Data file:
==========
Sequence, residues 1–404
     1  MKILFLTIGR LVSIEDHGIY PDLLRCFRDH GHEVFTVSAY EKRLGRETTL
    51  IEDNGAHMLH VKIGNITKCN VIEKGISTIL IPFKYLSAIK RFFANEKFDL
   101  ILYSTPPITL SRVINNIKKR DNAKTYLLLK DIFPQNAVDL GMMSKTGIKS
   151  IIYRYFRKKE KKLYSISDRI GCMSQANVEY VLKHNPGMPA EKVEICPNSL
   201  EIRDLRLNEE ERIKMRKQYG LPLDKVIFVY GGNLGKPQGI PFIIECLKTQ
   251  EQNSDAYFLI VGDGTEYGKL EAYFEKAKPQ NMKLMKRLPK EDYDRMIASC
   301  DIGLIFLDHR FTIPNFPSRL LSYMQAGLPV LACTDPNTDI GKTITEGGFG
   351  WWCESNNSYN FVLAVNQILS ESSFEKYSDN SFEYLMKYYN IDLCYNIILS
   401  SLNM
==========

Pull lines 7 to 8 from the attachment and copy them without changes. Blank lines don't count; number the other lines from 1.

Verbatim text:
   251  EQNSDAYFLI VGDGTEYGKL EAYFEKAKPQ NMKLMKRLPK EDYDRMIASC
   301  DIGLIFLDHR FTIPNFPSRL LSYMQAGLPV LACTDPNTDI GKTITEGGFG